The Lee et al. explanation makes sense to me, but it could also be argued that it is the lousy environments which account for the lack of relationship between genetic markers and intelligent outcomes.

In a process which took several years, the authors went through all the studies which had investigated racial differences in intelligence, and had sufficient data to make ACE calculations.

What did the authors find?

There are many comparisons and tables of results, but the most contentious are the black-white comparisons, since those are assumed to have the biggest differences due to historical and cultural factors, and those show no differences in heritability. Despite cognitive differences (White-Black mean d = .83 and White-Hispanic mean d = .60) there were no heritability differences in either case. This damages the argument that a substantial cause of low ability is poverty and poor environments. It makes it more likely that the differences are due to inherited genes.

• Category: Science • Tags: Heredity, IQ, Race and Iq 
Every man has a lurking wish to appear considerable in his native place. Samuel Johnson.
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It is a commonplace of school reunions that ex-pupils make a furtive reckoning as to which of them has Done Well. Comparisons are odious, but all too human. How has it gone for you? Naturally, the actuarial odds are against personal success, since success, by definition, must be that which stands out from the crowd, and accrues to only a minority. 1 in 100 may be the first foothills of note, 1 in 1000 a greater peak more worthy of attention, but for eminence only those at the highest peak of 1 in 10,000 qualify for eminence. That was the requirement Galton set, but he no longer exists, so my reference to him is void for lack of meaning.

Looking at your peer group gives you a cross-sectional comparison, but for a longitudinal one a natural first step is to compare your personal achievements with those of your parents. A one generational change is within the span of apprehension, and has some emotional bite to it. It is probably best to set age 40 or thereabouts as the career midpoint for inter-generational comparisons. Have you risen or fallen? Some intrepid researchers have dared to find out what causes these differences.

The Contribution of Cognitive and Noncognitive Skills to Intergenerational Social Mobility.
Matt McGue, Emily A. Willoughby, Aldo Rustichini, Wendy Johnson, William G. Iacono, and James J. Lee
First Published June 30, 2020 Research Article

They say:

We investigated intergenerational educational and occupational mobility in a sample of 2,594 adult offspring and 2,530 of their parents. Participants completed assessments of general cognitive ability and five noncognitive factors related to social achievement; 88% were also genotyped, allowing computation of educational-attainment polygenic scores. Most offspring were socially mobile. Offspring who scored at least 1 standard deviation higher than their parents on both cognitive and noncognitive measures rarely moved down and frequently moved up. Polygenic scores were also associated with social mobility. Inheritance of a favorable subset of parent alleles was associated with moving up, and inheritance of an unfavorable subset was associated with moving down. Parents’ education did not moderate the association of offspring’s skill with mobility, suggesting that low-skilled offspring from advantaged homes were not protected from downward mobility. These data suggest that cognitive and noncognitive skills as well as genetic factors contribute to the reordering of social standing that takes place across generations.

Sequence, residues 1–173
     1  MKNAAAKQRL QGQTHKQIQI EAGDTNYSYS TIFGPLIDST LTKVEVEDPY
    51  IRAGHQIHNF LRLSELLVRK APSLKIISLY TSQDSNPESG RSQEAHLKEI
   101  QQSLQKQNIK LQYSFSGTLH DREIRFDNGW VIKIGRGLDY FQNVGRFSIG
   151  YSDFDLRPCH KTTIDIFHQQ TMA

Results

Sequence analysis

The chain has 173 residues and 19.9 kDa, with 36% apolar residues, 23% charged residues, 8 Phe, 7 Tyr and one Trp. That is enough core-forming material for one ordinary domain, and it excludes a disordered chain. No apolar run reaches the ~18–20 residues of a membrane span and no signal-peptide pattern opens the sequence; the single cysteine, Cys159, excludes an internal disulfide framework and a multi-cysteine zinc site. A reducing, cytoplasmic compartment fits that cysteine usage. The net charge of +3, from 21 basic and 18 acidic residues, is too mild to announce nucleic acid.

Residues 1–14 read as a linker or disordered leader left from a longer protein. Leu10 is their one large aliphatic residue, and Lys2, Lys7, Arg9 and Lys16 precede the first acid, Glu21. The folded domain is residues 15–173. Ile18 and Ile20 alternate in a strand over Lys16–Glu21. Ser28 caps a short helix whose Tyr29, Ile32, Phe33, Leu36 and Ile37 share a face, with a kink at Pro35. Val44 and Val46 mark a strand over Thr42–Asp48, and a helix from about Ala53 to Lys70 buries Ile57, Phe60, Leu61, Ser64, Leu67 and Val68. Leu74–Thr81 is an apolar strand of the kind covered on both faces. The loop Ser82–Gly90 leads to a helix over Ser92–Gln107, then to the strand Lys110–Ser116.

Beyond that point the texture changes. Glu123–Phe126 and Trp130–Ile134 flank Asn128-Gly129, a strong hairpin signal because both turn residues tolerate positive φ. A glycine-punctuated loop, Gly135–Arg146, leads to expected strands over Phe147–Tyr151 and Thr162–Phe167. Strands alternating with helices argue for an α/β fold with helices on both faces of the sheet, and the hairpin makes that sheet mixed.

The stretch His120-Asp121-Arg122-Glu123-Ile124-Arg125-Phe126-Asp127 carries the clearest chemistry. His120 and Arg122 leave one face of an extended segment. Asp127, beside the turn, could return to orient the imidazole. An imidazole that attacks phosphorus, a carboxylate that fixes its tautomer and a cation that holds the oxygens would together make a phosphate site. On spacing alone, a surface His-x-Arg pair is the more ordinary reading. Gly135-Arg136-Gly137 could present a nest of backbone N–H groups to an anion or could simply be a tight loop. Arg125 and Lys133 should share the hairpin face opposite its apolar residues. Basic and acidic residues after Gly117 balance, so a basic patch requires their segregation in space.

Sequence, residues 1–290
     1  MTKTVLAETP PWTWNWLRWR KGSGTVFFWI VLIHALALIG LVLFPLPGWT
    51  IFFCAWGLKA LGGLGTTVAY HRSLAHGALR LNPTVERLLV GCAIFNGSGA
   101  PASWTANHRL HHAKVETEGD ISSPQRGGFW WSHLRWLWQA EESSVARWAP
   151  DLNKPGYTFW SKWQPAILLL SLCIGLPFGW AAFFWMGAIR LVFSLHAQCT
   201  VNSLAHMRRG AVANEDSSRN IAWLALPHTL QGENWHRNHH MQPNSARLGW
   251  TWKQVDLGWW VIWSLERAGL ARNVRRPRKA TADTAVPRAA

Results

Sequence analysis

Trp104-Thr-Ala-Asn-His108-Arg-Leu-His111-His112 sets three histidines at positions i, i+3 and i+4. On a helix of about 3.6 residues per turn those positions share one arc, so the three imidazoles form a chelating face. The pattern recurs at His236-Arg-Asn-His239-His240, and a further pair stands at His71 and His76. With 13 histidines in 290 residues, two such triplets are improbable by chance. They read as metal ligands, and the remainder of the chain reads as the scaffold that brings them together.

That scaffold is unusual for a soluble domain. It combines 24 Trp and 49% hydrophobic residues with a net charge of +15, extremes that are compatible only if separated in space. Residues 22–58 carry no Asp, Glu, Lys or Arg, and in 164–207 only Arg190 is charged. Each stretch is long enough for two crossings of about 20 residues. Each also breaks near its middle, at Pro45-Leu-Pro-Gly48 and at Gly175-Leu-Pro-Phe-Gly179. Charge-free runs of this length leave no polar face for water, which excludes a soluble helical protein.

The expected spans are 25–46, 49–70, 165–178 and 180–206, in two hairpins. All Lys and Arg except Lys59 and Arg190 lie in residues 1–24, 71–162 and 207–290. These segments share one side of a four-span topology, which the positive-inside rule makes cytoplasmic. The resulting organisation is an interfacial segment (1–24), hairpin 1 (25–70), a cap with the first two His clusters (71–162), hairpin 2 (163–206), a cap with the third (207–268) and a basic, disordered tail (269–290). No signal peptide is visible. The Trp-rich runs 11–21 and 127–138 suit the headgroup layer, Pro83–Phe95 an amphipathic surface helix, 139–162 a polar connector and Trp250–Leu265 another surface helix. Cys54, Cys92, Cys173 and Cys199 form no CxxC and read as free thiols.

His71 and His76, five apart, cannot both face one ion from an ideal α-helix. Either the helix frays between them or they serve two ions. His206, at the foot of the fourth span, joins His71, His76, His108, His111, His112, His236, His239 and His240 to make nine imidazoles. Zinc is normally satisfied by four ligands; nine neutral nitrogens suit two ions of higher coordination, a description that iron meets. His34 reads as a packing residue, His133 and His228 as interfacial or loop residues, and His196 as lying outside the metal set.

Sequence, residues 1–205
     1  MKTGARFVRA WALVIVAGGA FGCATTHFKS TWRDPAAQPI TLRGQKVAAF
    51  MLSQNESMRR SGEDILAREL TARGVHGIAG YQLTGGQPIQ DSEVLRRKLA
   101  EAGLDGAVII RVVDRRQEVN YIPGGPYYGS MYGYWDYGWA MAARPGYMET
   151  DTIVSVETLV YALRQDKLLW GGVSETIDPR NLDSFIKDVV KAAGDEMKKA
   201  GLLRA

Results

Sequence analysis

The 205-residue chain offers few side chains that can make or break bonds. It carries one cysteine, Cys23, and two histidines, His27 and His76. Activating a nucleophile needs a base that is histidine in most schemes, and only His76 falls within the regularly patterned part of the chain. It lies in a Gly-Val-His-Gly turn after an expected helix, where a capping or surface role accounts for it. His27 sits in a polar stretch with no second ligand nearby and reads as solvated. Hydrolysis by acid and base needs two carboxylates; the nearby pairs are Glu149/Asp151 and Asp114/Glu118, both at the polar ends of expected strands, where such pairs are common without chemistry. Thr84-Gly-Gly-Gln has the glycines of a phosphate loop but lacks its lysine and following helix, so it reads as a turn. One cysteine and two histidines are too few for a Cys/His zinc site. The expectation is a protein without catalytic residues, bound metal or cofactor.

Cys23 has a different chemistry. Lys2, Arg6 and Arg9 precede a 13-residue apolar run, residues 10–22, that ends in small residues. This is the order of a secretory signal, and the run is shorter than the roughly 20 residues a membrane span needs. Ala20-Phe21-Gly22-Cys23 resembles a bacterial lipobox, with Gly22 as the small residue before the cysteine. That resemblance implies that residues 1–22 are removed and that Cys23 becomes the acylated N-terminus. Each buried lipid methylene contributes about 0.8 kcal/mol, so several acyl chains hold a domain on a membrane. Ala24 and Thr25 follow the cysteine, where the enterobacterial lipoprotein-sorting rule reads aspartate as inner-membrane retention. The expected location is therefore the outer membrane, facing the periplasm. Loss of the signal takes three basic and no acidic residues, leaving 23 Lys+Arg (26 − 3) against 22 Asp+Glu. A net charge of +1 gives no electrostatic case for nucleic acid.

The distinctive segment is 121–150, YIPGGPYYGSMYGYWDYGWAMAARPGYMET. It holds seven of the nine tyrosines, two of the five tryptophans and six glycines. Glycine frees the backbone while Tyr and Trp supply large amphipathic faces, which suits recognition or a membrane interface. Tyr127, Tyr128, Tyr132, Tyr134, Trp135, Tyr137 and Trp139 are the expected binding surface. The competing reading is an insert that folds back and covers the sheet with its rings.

The authors adroitly encapsulate the dilemma of social mobility studies:

A major challenge to a belief in meritocratic processes is that advantaged parents are much more likely to have advantaged children than are less advantaged parents (Cullen, 2003). Wealth, social capital, and involvement are all ways in which parents can create opportunities for their children that are not widely available to others (Breen & Goldthorpe, 2001). Yet unequal opportunity is not the only factor contributing to the intergenerational transmission of inequality. High-achieving parents also transmit to their children, genetically and environmentally, the skills that contributed to their own success (Swift, 2004).

Cognitive ability was assessed at 17 years of age and on the Wechsler which is excellent; occupational status in late 20s, which the authors admit is too soon (yet it favours the environmental rather than the genetic hypothesis, since parental contributions of money and contacts will be immediate, whereas any genetic contribution will take time to accumulate).

Incidentally, there is a slight problem with studying intergenerational status, which is that some of the measures change (they are not invariant). Formerly, few students went to college, and now a majority do. This alters the meaning of higher education measures, as the authors explain. I have concentrated on occupational level, which is less subject to those problems.

However, the main point of this paper is to study families, and to compare siblings within families. If wealth is the engine which provides children with good jobs, then all wealthy progeny will rise, and children of poor families will languish. This study uses families as their own controls, and looks at what sibling heterogeneity may contribute to life outcomes.

Gloriously, the authors cite Nettle (2003) and use his method of regressing each predictor variable on offspring–parent difference in attainment, parent level of attainment, and their interaction, separately for education and occupation. He made a good contribution to the debate and his paper should be known more widely.